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Frank Bernheisel: The View From Here
Frank Bernheisel
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Frank Bernheisel
Posted 06.24.10
Just Outside Washington

FRANK BERNHEISEL

Pass a carbon tax

Dear President Obama,

In your speech last week, you suggested that Americans need to reduce our dependence on oil, and foreign oil specifically. This is beyond doubt and there are many ideas, including T. Boone Pickens' conversion of vehicles to natural gas.

In my field of solid waste, we are putting about 230 million tons of material in holes in the ground called landfills. This is the equivalent of approximately 209 million barrels of oil per year.

If burned in a waste to energy plant, this waste would generate about 125 billion KWHr of electricity. Waste-to-energy facilities meet high emissions standards and are extremely hard to develop and make competitive with landfills.

My approach to converting America to alternative forms of energy is to enable the market to sort it all out. However, the market needs some help.

Currently, we have all types of interventions in the market from tax credits for individuals for solar panels to a favorable income tax rate for oil companies, which are supposed to do good things.

These distort the market.

Therefore, first remove all subsidies and favorable tax treatments for all forms of energy. Second, tax carbon emissions. Do not implement cap and trade, which requires a lot of overhead and is subject to fraud.

Clearly, a big carbon tax would be very disruptive to the economy, as would a big change in the tax structure. Therefore, these measures would need to be enacted and then implemented over time.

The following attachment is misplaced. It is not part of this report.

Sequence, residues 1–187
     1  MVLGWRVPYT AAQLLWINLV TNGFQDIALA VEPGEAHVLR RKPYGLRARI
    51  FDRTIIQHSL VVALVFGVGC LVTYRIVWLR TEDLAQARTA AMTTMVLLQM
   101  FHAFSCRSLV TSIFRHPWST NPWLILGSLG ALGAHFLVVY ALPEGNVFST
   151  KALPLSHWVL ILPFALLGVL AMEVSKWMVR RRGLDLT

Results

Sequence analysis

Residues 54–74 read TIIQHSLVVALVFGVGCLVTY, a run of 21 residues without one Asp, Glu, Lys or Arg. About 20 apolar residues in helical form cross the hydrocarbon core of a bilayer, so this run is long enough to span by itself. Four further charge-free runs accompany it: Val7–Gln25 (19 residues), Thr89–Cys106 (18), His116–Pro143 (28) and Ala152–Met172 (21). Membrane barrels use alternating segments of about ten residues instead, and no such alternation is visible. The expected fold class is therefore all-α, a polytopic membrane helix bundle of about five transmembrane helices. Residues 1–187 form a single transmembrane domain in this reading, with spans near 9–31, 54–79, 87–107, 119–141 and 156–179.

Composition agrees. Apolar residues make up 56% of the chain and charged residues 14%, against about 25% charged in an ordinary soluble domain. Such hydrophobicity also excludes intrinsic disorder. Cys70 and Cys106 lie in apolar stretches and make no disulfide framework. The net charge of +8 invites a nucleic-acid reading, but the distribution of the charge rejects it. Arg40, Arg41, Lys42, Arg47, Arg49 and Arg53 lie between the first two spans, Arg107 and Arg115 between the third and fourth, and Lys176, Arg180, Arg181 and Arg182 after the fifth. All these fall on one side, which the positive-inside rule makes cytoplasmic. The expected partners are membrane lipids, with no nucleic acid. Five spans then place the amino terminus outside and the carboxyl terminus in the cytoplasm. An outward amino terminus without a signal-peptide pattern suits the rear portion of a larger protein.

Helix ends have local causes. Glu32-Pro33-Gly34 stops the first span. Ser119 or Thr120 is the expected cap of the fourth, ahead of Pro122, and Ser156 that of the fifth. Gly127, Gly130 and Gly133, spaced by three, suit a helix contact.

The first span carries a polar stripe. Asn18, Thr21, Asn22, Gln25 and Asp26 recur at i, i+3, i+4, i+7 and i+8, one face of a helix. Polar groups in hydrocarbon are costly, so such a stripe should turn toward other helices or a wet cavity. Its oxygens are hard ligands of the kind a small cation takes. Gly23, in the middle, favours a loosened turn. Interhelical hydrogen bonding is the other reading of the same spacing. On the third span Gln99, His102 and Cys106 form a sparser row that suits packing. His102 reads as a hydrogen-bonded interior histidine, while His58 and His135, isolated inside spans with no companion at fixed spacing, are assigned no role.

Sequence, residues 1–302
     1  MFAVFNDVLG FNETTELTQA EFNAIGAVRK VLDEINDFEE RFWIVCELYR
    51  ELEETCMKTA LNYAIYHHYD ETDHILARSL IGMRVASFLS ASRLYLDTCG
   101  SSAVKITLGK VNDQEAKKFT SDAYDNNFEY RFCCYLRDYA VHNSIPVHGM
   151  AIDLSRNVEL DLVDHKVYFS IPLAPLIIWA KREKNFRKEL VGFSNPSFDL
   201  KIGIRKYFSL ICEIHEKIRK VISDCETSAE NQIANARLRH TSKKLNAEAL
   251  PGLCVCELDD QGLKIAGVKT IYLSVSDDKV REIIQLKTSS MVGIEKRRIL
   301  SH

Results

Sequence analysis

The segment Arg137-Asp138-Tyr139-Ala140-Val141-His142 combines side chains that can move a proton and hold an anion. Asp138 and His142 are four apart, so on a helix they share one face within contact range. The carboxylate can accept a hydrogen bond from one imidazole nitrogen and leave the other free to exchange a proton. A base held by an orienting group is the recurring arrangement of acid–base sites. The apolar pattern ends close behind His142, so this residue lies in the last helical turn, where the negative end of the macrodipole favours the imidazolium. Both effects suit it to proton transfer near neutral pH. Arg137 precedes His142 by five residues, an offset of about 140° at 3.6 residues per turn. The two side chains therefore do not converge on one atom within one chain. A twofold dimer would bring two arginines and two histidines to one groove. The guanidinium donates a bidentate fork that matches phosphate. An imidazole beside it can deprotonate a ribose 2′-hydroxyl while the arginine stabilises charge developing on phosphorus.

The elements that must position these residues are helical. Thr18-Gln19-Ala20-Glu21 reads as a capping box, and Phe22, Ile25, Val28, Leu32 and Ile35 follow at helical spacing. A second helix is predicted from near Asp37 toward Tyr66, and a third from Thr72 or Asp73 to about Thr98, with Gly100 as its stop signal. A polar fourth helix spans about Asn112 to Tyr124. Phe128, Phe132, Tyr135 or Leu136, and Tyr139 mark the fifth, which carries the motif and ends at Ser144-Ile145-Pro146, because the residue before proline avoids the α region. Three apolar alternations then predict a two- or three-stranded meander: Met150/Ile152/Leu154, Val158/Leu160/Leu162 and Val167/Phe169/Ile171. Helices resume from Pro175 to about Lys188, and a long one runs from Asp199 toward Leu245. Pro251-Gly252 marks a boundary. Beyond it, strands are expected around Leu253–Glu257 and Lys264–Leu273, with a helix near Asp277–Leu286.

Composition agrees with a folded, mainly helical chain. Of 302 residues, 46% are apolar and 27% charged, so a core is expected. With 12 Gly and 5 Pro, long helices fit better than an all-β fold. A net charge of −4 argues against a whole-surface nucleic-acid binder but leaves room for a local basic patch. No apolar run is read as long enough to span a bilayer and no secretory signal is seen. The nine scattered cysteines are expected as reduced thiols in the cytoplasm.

The carbon tax should take effect immediately and initially produce a 50 cent per gallon increase in the price of gasoline and diesel fuel.

Then the carbon tax should ramp up over ten years to result in $7 a gallon gasoline in today's dollars.

The ramp up of the carbon tax gives individuals and industry time to plan and adjust their investment policies. The higher the carbon emissions, the higher the tax.

When goods are imported from countries with high carbon emitting industries, the imbedded carbon in those goods should be taxed to adjust the price of the goods so that there is no advantage to polluting. This would level the playing field for US goods.

An additional and major benefit of the carbon tax would be the additional tax revenue generated. This could be used to fund rebuilding of the American infrastructure and pay down the national debt.

Sincerely,
Frank Bernheisel

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